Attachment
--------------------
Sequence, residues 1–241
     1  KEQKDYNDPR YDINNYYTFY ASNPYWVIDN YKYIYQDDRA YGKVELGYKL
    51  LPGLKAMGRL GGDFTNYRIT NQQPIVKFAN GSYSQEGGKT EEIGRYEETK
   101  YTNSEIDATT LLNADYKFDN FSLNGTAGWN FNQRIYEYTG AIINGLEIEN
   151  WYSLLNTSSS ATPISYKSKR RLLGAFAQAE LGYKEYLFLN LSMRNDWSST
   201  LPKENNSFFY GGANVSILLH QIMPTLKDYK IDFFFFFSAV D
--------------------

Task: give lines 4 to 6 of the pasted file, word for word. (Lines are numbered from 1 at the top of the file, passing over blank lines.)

   101  YTNSEIDATT LLNADYKFDN FSLNGTAGWN FNQRIYEYTG AIINGLEIEN
   151  WYSLLNTSSS ATPISYKSKR RLLGAFAQAE LGYKEYLFLN LSMRNDWSST
   201  LPKENNSFFY GGANVSILLH QIMPTLKDYK IDFFFFFSAV D